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Regardless of whether I am heading out for a day of photography or just driving down to the local grocery store, my camera is most often sitting on the front passenger seat of the car, ready for anything I may see along the way. I seldom leave home without it. My home is about 2 miles down a country road, just off of a small two-lane highway, and often as I drive out to the highway I will see Turkey Vultures, Bobolinks, Horned Larks, and numerous other bird species sitting on the weathered, cedar fence posts that line the farm fields. Many times the birds fly off when the car comes to a stop, but sometimes I get lucky and they sit still for a few frames. I have often seen Upland Sandpipers foraging among the grasses of the hay fields while I take my dog for her daily walk, but I have never really tried to photograph them as they have always seemed rather skittish.

On Friday I packed my camera in the car as I drove my daughter to her final practice for her dance recital on Saturday. As we made our way home from the dance practice, I noticed this Upland Sandpiper sitting on a fence post. I continued to drive along the road a little further so that when I turned the car around I would not disturb the bird. Once I turned the car around I also rolled down the windows in preparation for pulling up alongside of the bird. Once I had the car in position, I shut off the engine and was able to fire off about 30 frames before the bird flew out across the neighboring field. Using my car as a blind and never leaving home without my camera were the two key factors in these successful photographs of a beautiful bird. I selected an aperture of f-8 on my Nikon 80-400mm VR lens to render the bird and the fence post as sharp as possible but keep the poster-like background of out of focus field grasses.

Please remember to click on the images to see a much larger version.

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As most folks know, who follow my blog, I live in a rural region of south-central Ontario. On over-cast days, when time permits I enjoy driving around the ‘neighborhood’ in search of various farming-type images, particularly cattle and horses. Images of cattle and horses often look more pleasing in the even light of an over-cast day. I have a large collection of un-edited horse photos to optimize. Since it has been raining most of this weekend I chose to process a few horse images to share with you on this day. Horse often make me think of the Old West, when folks didn’t depend on gasoline to travel, and they remind me of old Clint Eastwood movies too :) Hope you enjoy this collection of recently processed horse photos.

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High Falls on the Muskoka River

Please note: starting with this post you can now ‘click-to-enlarge’ on each of the images in this post and all future posts to see much larger versions of the images. I hope you enjoy this updated feature of the blog and look forward to hearing your thoughts on the new views. :)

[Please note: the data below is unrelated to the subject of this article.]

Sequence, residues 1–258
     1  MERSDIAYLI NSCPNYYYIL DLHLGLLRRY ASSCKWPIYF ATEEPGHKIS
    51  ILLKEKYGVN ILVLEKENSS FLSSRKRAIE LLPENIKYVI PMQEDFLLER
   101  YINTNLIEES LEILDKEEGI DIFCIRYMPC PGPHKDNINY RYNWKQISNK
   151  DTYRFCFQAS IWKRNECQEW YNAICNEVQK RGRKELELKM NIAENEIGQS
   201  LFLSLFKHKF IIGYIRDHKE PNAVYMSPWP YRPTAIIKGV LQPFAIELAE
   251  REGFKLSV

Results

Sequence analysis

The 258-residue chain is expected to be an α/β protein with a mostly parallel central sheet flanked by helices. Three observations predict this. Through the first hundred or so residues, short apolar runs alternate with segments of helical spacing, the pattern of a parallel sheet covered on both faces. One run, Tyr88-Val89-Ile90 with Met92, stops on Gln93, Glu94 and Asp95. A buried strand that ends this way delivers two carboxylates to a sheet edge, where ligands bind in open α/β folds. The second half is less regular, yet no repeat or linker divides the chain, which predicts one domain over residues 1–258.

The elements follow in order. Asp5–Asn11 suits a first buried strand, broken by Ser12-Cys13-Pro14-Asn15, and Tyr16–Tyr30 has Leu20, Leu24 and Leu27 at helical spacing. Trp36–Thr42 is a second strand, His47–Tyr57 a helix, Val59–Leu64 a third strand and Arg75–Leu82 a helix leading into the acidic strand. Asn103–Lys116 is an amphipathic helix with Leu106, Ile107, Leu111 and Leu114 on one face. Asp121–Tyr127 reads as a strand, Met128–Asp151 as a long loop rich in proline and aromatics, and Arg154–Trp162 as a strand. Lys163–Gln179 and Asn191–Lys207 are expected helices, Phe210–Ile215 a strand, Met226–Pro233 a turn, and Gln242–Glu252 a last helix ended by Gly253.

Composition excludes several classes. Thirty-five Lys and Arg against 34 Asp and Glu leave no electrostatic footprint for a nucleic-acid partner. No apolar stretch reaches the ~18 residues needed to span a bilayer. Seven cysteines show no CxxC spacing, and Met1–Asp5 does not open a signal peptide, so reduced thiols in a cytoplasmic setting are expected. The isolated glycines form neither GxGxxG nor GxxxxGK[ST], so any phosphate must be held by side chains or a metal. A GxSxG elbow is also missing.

High Falls has long been one of most impressive waterfalls in Ontario’s Muskoka Region. It is easily located near the town of Bracebridge. A few years ago the town of Bracebridge began diverting much of the flow, especially in winter, for hydro-electric power, but this has by no means lessened the photographic possibilities that abound at this location. In my opinion it has actually created more photographic opportunities, especially the intimate variety of landscapes. The reduced flow has also exposed some wonderful rock formations for intimate views of the remaining cascades that can be found here, however, one must keep in  mind that the exposed rocks have been smoothed over time, by the constant flow of water and can be quite slippery and even dangerous if folks do not proceed with caution. On Friday, I drove an hour and a half north of my home, in the wee hours of the morning, to arrive at first light, and hopefully well ahead of the predicted rainfall. I was able to get in about three hours of photography before the rains arrived and forced me to pack up and head for home.

When I arrive on site, setting-up my tripod is often one of the last steps I take when photographing a scene. First and foremost I will walk around, camera in hand, and frame possible image opportunities. Once I find the compositions I want I will then position my tripod to capture the scenes I have chosen. Each of the images in this post was photograph using a Nikon polarizing filter on my 12-24mm lens. This polarizing filter is designed to eliminate vignetting on wide angle lenses such as the 12-24mm lens. The polarizing filter is also the absolute, must-have filter for landscape photography.

New to this post is the ‘click-to-enlarge’ feature for each of the images posted. Please click on each image to view the larger version and take a moment to let me know which is your favorite and why.

High Falls on the Muskoka River

High Falls on the Muskoka River

High Falls on the Muskoka River

Little High Falls on Pott’s Creek